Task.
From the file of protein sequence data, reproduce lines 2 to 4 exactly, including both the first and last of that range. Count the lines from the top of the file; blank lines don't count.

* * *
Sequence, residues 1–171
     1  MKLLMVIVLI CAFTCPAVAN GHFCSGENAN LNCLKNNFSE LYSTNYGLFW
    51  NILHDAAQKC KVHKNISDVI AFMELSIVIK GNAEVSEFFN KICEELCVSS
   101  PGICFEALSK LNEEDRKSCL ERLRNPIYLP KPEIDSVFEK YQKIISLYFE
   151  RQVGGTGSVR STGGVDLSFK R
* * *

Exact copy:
     1  MKLLMVIVLI CAFTCPAVAN GHFCSGENAN LNCLKNNFSE LYSTNYGLFW
    51  NILHDAAQKC KVHKNISDVI AFMELSIVIK GNAEVSEFFN KICEELCVSS
   101  PGICFEALSK LNEEDRKSCL ERLRNPIYLP KPEIDSVFEK YQKIISLYFE